Schools Reopening

Ailina Cunningham, Staff Writer

For students with families who live locally, it’s important to understand how schools are attempting to open back up amidst the COVID-19 pandemic and how they plan to handle the delicate balance of Education vs. Public Safety. Locally, the Thurston County school districts are opening up as we inch closer and closer to COVID-19 free schooling. This of course is not a perfect system as several schools have opted for hybrid and online classes. This is a compromise the school districts are using in order to keep the school going while also being aware of social distancing protocol and safety protocol for students and teachers. The Thurston County School District website even states that in order to get back to school, students and staff are both encouraged to take a COVID-19 test to ensure the safety, health and wellness of each person. On their website, it says “participants are encouraged to pre-register online before arriving at the testing site. Parents/guardians who pre-register their student online will also be asked to fill out a permission slip that allows test results to be shared with their student’s school district.” This is regarding a testing site that has been set up for the Thurston County School District to get tested that is located conveniently at 6005 Tyee Dr. S.W. in Tumwater.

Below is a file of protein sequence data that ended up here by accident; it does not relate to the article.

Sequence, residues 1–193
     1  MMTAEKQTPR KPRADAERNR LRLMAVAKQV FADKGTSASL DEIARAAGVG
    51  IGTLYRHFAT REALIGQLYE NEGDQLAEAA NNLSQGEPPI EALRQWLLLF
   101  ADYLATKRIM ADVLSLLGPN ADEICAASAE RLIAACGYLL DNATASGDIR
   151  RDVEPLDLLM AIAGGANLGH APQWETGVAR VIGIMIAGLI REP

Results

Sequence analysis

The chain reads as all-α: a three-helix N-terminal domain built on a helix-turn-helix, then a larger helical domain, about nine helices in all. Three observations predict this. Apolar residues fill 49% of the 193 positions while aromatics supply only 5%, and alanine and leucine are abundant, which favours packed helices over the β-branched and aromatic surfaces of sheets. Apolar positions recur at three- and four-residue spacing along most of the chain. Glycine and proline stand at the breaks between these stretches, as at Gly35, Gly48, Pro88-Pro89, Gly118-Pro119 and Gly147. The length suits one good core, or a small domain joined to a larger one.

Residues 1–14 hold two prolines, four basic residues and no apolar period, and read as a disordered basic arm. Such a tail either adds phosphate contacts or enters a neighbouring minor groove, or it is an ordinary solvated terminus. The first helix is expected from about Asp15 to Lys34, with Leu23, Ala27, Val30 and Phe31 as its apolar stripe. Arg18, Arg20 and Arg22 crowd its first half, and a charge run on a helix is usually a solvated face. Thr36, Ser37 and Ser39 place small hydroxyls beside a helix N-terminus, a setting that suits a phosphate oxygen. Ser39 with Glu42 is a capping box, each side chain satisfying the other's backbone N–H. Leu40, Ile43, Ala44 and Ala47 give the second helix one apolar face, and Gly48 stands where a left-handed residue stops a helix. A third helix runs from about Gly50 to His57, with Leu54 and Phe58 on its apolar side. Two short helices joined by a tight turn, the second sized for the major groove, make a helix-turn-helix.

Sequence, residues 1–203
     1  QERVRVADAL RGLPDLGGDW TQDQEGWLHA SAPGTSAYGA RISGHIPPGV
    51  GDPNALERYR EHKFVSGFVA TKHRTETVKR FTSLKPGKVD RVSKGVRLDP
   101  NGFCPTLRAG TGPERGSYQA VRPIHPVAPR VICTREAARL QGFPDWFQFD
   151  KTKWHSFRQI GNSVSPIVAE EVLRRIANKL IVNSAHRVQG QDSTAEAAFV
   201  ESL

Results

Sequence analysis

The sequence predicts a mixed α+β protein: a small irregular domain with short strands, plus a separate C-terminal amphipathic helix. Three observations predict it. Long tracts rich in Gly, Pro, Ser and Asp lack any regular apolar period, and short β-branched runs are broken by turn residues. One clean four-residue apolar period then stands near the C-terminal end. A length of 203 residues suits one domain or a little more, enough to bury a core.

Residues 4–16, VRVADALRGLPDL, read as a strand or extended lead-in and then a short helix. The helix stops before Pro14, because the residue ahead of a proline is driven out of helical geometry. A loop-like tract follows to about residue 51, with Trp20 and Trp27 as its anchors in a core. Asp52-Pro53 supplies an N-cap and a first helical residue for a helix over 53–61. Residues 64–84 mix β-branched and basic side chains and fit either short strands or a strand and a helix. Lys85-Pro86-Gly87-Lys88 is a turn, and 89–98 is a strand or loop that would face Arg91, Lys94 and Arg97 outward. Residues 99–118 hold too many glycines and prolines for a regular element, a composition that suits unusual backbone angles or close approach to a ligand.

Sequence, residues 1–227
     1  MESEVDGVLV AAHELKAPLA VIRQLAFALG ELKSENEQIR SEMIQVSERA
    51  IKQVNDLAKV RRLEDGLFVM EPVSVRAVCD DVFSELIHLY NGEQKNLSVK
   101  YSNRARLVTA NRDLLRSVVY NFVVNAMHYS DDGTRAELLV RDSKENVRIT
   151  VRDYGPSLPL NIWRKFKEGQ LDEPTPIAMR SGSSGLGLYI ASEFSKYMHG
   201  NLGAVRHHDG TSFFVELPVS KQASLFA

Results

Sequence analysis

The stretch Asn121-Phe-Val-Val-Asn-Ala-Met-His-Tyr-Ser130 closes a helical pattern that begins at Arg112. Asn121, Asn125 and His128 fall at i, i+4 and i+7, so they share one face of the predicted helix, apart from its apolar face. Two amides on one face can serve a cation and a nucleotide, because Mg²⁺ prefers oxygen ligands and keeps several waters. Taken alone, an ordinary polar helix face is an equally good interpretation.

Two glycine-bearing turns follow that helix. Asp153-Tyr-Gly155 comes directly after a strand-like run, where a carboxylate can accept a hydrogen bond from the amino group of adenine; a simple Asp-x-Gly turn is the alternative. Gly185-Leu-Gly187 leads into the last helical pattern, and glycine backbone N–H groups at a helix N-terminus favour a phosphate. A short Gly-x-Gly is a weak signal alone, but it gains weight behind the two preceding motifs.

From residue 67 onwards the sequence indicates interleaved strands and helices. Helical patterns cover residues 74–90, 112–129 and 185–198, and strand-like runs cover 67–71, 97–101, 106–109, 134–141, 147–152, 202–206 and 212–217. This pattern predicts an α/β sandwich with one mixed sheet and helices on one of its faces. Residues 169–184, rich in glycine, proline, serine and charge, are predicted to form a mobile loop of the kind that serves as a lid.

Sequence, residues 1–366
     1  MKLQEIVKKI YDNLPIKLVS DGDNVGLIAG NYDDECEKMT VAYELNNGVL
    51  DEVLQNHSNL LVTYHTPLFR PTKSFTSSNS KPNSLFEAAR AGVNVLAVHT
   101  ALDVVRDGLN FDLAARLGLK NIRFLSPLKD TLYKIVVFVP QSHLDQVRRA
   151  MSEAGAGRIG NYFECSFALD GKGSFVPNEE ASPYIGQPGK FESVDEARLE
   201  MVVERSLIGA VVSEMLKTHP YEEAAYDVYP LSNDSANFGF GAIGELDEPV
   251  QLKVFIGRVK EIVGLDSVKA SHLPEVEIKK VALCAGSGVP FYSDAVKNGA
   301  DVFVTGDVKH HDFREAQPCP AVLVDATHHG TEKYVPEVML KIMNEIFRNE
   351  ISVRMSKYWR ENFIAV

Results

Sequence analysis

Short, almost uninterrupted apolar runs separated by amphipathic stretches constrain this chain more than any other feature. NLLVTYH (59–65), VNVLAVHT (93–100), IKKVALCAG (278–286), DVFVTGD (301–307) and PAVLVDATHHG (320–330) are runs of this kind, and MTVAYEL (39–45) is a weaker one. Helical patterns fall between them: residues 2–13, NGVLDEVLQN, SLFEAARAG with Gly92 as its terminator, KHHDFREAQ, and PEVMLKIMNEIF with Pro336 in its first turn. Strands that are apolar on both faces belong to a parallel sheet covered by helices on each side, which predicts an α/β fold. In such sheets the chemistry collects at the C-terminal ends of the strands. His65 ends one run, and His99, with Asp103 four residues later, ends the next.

Currently, the plan for implementing public safety within the school district is to enact hybrid learning that allows students to opt for virtual or in-person learning as needed. Different grades are given different times that their hybrid learning styles are going to be implemented, including as early as March 15 for 6th graders. This however does not mean that masks will be excluded from the educational plan as students are still encouraged to wear a mask and promote public safety for their fellow students. The hybrid learning is the fifth part of a six-part education reopening plan which allows students to get back to pre-k COVID-19 school learning. The first two parts of the reopening plan include remaining at home and full remote learning. Steps three through five include gradual hybrid learning with an emphasis on in-person learning with each step. Currently, in Stage five, it is a requirement that in-person learning takes place at least two times a week out of the five days that school is in session with three of those days being an optional online class. Currently, much like Saint Martin’s students who are using online classes to complete their degree, students of Elementary and High School are using Google Classroom and Canvas in order to get their assignments completed and meet virtually through Zoom calls. Luckily in this age of technology, it becomes easier to adapt to learning environments such as virtual classrooms that allow people to proceed with their education no matter where they are. Even as schools open up and learning becomes more in person, maintaining the ability to have hybrid classes could be beneficial in the future and a valuable model for teachers to use to reach students everywhere.

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